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Schweiz Med Wochenschr. 1995 Jun 10;125(23):1151-61.

[Bacterial resistance to antibiotics].

[Article in French]

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D├ępartement de m├ędecine interne, CHUV, Lausanne.


50 years ago, the introduction of penicillin, followed by many other antibacterial agents, represented an often underestimated medical revolution. Indeed, until that time, bacterial infections were the prime cause of mortality, especially in children and elderly patients. The discovery of numerous new substances and their development on an industrial scale gave us the illusion that bacterial infections were all but vanquished. However, the widespread and sometimes uncontrolled use of these agents has led to the selection of bacteria resistant to practically all available antibiotics. Bacteria utilize three main resistance strategies: (1) modification of their permeability, (2) modification of target, and (3) modification of the antibiotic. Bacteria modify their permeability either by becoming impermeable to antibiotics, or by actively excreting the drug accumulated in the cell. As an alternative, they can modify the structure of the antibiotic's molecular target--usually an essential metabolic enzyme of the bacterium--and thus escape the drug's toxic effect. Lastly, they can produce enzymes capable of modifying and directly inactivating antibiotics. In addition, bacteria have evolved extremely efficient genetic transfer systems capable of exchanging and accumulating resistance genes. Some pathogens, such as methicillin-resistant Staphylococcus aureus and multiresistant Mycobacterium tuberculosis, have become resistant to almost all available antibiotics and there are only one or two substances still active against such organisms. Antibiotics are very precious drugs which must be administered to patients who need them. On the other hand, the development of resistance must be kept under control by a better comprehension of its mechanisms and modes of transmission and by abiding by the fundamental rules of anti-infectious chemotherapy, i.e.: (1) choose the most efficient antibiotic according to clinical and local epidemiological data, (2) target the bacteria according to the microbiological data at hand, and (3) administer the antibiotic in an adequate dose which will leave the pathogen no chance to develop resistance.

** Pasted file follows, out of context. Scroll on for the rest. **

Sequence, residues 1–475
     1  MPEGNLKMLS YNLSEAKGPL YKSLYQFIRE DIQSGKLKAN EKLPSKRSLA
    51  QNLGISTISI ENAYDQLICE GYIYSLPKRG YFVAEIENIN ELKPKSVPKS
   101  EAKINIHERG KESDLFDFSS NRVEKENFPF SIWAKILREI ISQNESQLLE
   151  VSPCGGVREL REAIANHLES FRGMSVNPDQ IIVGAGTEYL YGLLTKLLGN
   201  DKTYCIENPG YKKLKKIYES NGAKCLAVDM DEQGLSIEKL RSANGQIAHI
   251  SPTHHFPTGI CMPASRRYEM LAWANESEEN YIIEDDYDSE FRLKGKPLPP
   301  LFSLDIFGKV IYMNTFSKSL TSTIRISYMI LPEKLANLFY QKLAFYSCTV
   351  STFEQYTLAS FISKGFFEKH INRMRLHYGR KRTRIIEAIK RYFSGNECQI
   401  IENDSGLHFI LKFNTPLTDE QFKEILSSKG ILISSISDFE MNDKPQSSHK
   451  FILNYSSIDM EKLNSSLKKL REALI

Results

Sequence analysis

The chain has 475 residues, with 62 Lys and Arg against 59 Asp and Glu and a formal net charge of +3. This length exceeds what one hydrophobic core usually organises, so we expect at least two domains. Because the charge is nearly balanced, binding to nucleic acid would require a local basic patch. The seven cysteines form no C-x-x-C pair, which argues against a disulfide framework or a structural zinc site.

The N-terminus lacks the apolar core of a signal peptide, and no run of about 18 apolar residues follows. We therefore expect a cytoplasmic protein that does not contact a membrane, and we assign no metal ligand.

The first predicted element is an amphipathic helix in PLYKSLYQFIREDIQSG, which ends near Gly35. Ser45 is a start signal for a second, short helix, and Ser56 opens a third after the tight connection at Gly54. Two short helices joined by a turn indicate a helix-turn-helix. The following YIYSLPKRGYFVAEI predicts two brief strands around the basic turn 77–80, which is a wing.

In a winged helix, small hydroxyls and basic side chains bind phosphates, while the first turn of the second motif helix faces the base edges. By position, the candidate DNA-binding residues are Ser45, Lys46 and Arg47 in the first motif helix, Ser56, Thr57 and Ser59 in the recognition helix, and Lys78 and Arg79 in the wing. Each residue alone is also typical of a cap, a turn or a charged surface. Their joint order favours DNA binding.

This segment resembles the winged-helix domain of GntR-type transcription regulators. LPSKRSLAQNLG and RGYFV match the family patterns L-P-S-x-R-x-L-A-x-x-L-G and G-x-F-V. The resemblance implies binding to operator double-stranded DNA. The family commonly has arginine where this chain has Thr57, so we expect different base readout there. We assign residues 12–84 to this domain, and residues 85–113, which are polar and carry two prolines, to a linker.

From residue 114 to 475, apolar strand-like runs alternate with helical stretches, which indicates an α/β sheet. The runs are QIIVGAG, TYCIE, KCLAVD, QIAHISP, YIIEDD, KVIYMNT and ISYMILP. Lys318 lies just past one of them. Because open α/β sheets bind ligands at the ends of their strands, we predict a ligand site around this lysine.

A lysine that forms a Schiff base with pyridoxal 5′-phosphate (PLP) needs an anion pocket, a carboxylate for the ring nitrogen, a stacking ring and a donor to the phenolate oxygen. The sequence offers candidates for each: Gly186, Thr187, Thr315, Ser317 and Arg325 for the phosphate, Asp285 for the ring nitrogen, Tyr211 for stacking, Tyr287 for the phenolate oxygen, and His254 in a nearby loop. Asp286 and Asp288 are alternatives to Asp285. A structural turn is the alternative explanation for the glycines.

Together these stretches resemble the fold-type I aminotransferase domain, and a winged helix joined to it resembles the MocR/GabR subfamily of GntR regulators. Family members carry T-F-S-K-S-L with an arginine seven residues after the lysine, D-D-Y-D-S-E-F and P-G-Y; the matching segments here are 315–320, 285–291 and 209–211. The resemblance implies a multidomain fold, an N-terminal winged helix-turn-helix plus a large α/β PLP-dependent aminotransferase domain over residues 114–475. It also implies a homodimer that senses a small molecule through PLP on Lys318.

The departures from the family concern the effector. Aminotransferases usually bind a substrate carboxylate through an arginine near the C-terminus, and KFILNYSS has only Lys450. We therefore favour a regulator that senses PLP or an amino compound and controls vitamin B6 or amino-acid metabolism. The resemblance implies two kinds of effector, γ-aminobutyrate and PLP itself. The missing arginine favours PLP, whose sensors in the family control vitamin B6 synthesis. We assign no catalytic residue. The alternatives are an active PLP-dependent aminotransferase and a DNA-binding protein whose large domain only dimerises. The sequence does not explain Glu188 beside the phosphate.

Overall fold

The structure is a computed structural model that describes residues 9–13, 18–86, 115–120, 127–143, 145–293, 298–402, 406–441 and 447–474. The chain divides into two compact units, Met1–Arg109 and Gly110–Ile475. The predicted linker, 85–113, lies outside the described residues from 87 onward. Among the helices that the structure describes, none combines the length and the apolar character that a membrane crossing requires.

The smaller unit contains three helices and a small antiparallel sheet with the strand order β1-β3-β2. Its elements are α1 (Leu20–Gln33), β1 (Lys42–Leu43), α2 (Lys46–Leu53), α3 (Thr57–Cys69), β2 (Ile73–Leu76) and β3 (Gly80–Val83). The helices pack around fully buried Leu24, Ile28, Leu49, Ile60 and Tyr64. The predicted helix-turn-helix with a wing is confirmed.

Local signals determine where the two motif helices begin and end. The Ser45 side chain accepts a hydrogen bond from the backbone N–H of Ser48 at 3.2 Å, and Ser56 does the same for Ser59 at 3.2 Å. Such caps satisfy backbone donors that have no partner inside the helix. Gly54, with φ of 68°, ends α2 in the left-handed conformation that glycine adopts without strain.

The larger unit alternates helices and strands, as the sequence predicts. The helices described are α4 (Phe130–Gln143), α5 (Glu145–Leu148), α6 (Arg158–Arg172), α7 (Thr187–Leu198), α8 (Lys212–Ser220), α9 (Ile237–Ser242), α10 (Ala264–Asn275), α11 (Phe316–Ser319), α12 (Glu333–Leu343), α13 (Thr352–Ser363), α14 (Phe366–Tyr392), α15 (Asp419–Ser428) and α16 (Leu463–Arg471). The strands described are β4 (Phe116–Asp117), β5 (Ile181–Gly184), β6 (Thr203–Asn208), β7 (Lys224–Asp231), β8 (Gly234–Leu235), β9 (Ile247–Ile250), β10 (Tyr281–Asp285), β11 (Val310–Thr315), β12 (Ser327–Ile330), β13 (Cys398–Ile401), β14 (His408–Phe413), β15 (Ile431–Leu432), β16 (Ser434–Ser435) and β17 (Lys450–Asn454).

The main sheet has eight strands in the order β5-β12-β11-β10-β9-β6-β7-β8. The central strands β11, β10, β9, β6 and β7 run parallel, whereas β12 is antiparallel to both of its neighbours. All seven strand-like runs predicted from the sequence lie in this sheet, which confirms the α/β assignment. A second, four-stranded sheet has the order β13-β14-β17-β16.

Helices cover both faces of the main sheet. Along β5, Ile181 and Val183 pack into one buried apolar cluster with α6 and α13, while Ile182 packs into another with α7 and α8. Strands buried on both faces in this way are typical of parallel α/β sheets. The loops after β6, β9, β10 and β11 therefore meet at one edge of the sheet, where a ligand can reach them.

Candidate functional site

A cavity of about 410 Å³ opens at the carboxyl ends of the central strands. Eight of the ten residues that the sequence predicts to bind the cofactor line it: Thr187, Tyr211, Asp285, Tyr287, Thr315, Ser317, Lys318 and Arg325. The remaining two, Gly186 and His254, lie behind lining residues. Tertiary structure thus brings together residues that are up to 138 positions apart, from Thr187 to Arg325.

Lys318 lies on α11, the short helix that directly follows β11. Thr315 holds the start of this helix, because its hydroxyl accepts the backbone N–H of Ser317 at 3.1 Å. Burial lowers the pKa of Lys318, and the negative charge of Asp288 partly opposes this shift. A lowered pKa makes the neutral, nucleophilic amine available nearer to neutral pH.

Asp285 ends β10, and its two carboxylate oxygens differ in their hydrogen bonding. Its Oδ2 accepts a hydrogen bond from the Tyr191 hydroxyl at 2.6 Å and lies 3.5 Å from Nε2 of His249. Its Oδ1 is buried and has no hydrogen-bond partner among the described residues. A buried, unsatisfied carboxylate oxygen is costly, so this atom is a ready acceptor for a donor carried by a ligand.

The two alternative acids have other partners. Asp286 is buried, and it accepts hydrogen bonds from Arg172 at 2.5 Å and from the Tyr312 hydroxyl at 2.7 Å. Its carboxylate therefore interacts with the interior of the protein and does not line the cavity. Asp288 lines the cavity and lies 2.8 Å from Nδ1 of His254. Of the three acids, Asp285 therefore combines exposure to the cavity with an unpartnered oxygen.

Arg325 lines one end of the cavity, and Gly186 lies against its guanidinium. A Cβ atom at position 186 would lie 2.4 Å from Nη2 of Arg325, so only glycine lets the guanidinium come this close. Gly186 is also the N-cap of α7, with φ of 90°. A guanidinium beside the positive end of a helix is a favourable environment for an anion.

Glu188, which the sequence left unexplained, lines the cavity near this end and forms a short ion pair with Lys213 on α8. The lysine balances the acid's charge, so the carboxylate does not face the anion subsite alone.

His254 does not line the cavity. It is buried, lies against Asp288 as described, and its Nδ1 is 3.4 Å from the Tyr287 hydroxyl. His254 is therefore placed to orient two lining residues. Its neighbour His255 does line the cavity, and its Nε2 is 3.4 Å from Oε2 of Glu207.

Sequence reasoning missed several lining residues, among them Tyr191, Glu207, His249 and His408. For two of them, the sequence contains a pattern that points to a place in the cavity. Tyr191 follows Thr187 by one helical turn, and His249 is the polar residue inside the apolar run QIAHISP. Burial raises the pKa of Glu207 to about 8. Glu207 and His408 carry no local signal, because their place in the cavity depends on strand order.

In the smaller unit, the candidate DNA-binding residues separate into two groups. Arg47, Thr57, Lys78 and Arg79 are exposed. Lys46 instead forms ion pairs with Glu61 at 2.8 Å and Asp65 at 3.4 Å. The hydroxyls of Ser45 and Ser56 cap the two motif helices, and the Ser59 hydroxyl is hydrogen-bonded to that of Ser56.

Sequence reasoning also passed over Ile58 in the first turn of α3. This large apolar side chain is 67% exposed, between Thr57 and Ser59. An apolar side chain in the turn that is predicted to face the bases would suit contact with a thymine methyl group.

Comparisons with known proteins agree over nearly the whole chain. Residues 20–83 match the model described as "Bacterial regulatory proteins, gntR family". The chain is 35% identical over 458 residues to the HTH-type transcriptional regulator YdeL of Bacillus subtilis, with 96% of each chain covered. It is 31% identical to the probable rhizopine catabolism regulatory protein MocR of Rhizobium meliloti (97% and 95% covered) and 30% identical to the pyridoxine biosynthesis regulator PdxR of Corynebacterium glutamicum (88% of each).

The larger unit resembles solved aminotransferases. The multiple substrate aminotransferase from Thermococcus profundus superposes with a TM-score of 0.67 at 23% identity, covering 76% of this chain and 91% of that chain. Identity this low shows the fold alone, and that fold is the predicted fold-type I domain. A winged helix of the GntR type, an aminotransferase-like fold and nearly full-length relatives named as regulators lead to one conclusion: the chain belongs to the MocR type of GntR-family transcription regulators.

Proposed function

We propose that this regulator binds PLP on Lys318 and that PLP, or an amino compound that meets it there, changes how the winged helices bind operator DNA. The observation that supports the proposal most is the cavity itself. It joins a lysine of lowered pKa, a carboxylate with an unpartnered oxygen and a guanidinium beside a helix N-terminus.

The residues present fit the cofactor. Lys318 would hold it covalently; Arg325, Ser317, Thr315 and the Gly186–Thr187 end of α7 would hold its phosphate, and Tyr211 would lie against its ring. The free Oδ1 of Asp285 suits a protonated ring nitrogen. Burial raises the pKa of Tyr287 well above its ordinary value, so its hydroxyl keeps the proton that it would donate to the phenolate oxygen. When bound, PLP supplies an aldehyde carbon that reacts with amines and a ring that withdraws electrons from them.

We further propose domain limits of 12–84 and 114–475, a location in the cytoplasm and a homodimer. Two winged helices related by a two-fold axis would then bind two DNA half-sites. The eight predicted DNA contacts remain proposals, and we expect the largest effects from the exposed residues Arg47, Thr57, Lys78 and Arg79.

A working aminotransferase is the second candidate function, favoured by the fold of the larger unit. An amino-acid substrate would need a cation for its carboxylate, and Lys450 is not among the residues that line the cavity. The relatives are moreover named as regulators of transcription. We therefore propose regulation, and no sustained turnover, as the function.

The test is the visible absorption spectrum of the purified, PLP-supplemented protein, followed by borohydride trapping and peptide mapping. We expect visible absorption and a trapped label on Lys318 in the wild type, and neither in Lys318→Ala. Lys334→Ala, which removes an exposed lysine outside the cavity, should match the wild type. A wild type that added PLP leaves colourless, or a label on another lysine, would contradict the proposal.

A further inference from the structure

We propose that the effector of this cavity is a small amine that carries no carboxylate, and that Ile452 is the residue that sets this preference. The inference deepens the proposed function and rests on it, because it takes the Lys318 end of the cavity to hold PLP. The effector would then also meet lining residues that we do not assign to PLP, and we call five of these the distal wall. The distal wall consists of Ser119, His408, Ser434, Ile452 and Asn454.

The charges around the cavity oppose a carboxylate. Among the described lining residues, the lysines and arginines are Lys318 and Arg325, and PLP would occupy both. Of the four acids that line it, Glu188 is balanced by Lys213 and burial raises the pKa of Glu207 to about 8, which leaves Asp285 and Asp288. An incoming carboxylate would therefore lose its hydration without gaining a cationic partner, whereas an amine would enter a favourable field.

[Indexed for MEDLINE]

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